When women mistrust their partners, they are not simply distressed at the thought of becoming victims of infidelity. Mistrustful women hold the fundamental belief that their partner does not have their best interest at heart. Daughters of divorce may doubt their partners truly love them. They may believe the person they fell in love with will waiver in their devotion. They may think that he will change, and they’ll be left wondering what happened to the man they fell in love with. Most of all, women who mistrust their partners are filled with fear of abandonment.
“Inexperience can so often be our ondoing. I accepted bad behavior too often in my past relationships, and stayed too long. Now, when I see a red flag, I confront it.”
– Theresa, age 25
For daughters of divorce, childhood experiences run the gamut. Perhaps you grew up in a chaotic household with substance abuse or other addictive behavior. Perhaps domestic violence or infidelity tainted your childhood. Maybe a new stepfamily forever changed your life and the way you see the world. Or perhaps you experienced an inner conflict living between two worlds if your parents had joint custody. No matter your experience, you undoubtedly endured some degree of dysfunction. Otherwise, you would have grown up in an intact home. Regardless of the circumstances, one truth remains. The way you feel about yourself today is a direct result of how you felt about yourself as a child.
Your relationships, and the responses you receive from others, have helped create your self-esteem. This started very early on, within your family. Your divorce experience forever altered your sense of self-worth. As an adult, when you attempt to create romantic relationships of your own, you acquire a different sense of self-worth. In the Psychology of Romantic Love Nathaniel Branden indicates that you experience who you are in the context of your relationships. “When we encounter a new human being our personality contains, among other things, the consequences of many past encounters, many experiences, the internalization of many responses and instances of feedback from others,” he writes. Negative experiences in relationships can change who you are as an individual. They can change what you expect from the world and what you expect from your romantic partners.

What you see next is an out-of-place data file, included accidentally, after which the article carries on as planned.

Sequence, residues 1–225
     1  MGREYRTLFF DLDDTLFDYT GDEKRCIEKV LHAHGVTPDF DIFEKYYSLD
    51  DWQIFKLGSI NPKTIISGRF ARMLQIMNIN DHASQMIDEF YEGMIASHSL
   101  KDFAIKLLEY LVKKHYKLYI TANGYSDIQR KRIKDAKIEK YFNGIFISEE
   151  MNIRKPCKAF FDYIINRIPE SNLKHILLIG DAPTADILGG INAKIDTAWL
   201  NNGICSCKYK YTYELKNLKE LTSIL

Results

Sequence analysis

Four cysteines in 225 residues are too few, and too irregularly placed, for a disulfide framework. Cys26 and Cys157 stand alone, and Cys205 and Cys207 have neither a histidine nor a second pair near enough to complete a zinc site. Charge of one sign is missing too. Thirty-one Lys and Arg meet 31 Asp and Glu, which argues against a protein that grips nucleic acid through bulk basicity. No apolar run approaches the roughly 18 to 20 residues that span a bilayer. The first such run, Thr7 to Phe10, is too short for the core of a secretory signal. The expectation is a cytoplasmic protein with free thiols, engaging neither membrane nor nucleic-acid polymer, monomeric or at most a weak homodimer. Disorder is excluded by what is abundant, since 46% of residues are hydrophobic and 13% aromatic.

How are you? I am fine but I have been sick. I had pneumonia but am bettir now. I can not go back to school any more this term. My Sunday school teacher wants me to hurry up and come back. I want Santa Claus to bring me a doll bed for my big doll. I hope that you had a nice thanksgiving. I had a drumstick.
Write to mother and me real soon.
Your Baby [age 8]
November 30, 1937
This letter (unedited) was written by my mother to her father who moved to another state and rarely visited after their family dissolved. She was fond of telling me stories about being a “depression baby” and about how money was almost nonexistent after her father left – how they cooked on a wood stove and received food rations from a soup kitchen. My mother’s letter expresses her strong love and longing for her father’s presence in her life. Even though she rarely saw her father due to her parent’s breakup, my mother hungered for his attention. Distant or absent dads, like my grandfather, perpetuate a sense of “Daddy Hunger” that can create a deep craving for male attention for a daughter of divorce.
Many women underestimate the importance of their father in their lives. Like other researchers, we found that the women in our study were profoundly affected by their relationship with their fathers. Fortunately, many of them reported that their fathers were able to maintain loving relationships with them. On the other hand, some fathers were preoccupied with their new lifestyle or family. Others lacked the financial means to support two families. A father’s presence (or lack of presence) in his daughter’s life will affect how she will relate to all men who come after him.